2022 Recap from Columbia Quantum's Highly Cited Researchers
When we encounter metals in our day-to-day lives, we perceive them as shiny. That’s because common metallic materials are reflective at visible light wavelengths and will bounce back any light that strikes them. While metals are well suited to conducting electricity and heat, they aren’t typically thought of as a means to conduct light.
But in the burgeoning field of quantum materials, researchers are increasingly finding examples that challenge expectations about how things should behave. In new research published in Science Advances, a team led by Dmitri Basov describes a metal capable of conducting light through it.
In theory, superconductivity is the result of paired electrons. In most materials, however, that pairing is weak—two negatively charged particles don’t normally want to pair with each other—and the strength is fixed. In a new article in Science, Cory Dean and collaborators describe an adjustable, graphene-based platform that uses opposite charges—electrons and holes—to form quantum particle pairs under strong magnetic fields. The team can now vary the strength of that pairing along a continuum, which will allow them to test theoretical predictions about the origins of quantum condensates and how they might increase the temperature limits of superconductivity.
Read More: Tuning the Bonds of Paired Particles
Light has long been used to transmit information in many of our everyday electronic devices. Because light is made of quantum particles called photons, it will also play an important role in information processing in the coming generation of quantum devices. But first, researchers need to gain control of individual photons. Writing in Optica, Alexander Gaeta and his team propose using a time lens.
Read More: Processing Photons in Picoseconds
You don’t normally want to mix electricity and water, but electricity behaving like water has the potential to improve electronic devices. Recent work from James Hone and colleagues builds new understanding of this unusual hydrodynamic behavior that changes some old assumptions about the physics of metals. The study was published in the journal Science Advances.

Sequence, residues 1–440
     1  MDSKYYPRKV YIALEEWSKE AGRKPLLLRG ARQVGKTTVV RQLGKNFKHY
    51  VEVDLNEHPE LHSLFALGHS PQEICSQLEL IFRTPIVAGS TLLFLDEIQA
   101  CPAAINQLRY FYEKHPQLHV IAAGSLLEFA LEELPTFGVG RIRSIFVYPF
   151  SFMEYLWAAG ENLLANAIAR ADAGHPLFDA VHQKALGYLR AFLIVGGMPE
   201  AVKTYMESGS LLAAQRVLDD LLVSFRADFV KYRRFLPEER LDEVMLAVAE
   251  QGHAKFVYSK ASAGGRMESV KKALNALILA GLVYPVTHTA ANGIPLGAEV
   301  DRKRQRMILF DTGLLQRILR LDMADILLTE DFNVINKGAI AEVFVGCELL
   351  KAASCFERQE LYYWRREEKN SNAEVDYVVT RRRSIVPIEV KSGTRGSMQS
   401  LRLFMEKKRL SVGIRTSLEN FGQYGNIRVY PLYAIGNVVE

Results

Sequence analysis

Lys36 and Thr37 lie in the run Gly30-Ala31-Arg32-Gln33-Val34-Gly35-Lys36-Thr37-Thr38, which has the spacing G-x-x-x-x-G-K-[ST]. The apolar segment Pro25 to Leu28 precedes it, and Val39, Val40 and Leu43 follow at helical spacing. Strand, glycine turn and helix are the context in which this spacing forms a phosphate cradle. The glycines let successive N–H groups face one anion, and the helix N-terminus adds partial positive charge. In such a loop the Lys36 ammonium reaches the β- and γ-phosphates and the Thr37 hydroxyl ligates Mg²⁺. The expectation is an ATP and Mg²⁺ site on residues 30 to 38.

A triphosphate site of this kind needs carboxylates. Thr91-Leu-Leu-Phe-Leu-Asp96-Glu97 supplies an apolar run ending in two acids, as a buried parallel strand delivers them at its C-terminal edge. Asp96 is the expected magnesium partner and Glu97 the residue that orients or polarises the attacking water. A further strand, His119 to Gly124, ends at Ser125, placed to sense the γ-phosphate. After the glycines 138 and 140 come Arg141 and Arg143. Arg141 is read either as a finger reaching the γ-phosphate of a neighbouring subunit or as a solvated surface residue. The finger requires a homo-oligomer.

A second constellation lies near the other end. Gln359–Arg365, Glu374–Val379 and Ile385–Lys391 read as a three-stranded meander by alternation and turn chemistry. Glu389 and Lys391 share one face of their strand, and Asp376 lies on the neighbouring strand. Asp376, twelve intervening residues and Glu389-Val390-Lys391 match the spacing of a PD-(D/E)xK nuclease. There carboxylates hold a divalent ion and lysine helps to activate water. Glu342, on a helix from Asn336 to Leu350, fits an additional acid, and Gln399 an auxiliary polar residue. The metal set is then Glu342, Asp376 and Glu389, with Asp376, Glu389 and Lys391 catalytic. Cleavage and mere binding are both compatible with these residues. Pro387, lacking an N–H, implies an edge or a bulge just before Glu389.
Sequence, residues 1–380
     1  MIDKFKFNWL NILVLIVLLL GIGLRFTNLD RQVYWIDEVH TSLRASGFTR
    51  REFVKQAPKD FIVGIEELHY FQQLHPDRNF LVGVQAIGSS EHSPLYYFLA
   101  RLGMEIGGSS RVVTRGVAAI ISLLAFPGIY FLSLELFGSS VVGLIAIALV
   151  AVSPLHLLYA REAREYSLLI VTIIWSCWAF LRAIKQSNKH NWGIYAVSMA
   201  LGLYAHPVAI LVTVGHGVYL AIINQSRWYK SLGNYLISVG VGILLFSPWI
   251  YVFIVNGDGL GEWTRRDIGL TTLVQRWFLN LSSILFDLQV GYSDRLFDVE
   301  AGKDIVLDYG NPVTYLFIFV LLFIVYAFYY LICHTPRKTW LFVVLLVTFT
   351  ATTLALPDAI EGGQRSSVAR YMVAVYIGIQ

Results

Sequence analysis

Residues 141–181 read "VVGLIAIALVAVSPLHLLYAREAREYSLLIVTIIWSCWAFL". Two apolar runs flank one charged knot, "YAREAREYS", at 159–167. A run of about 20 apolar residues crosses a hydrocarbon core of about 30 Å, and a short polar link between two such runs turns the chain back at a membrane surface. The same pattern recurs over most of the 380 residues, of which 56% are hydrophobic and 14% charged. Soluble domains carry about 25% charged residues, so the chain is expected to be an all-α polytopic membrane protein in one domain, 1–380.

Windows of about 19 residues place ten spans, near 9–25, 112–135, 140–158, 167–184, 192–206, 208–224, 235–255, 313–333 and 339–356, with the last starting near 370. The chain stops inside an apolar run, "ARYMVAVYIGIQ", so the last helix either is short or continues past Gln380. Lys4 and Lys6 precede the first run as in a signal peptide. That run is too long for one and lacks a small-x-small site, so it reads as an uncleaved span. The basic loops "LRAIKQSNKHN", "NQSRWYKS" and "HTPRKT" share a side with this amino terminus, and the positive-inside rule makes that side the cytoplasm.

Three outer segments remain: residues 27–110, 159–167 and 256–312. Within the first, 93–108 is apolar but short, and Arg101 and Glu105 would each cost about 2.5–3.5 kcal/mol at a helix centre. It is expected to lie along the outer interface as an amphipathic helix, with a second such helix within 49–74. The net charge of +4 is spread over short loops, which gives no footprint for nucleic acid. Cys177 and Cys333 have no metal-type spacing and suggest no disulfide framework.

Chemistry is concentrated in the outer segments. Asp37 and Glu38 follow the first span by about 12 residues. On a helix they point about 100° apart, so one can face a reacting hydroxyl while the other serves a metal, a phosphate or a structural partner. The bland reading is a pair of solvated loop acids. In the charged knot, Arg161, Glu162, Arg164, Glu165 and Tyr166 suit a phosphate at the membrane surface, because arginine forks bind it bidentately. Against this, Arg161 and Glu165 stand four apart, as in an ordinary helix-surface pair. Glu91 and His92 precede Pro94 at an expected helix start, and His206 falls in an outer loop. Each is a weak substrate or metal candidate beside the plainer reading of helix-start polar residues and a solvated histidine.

Michal Lipson: The revolution of silicon photonics
In Nature Materials, Michal Lipson comments on two decades of innovation in silicon photonics research, a platform enabling novel research fields and novel applications ranging from remote sensing to ultrahigh-bandwidth communications.
Led by Nanfang Yu, a team has created a flat optical device that focuses only a few selected narrowband colors of light while remaining transparent to nonselected light over the vast majority of the spectrum. The paper was published by Light: Science & Applications.
“We’ve built a very cool flat optical device that appears entirely transparent—like a simple piece of glass—until you shine a beam of light with the correct wavelength onto it, when the device suddenly turns into a lens,” said Yu.
Read More: Optical Magic
Xiaoyang Zhu: Exciton-coupled coherent magnons in a 2D semiconductor
Magnons have enormous potential, but they are often difficult to detect without bulky pieces of lab equipment. Such setups are fine for conducting experiments, but not for developing devices, said Xiaoyang Zhu, such as magnonic devices and so-called spintronics. Seeing magnons can be made much simpler, however, with the right material: a magnetic semiconductor called chromium sulfide bromide (CrSBr).
In a new article in Nature, Zhu and collaborators how that magnons in CrSBr can pair up with another quasiparticle called an exciton, which emits light, offering the researchers a means to “see” the spinning quasiparticle.
Read More: Scientists See Spins in a 2D Magnet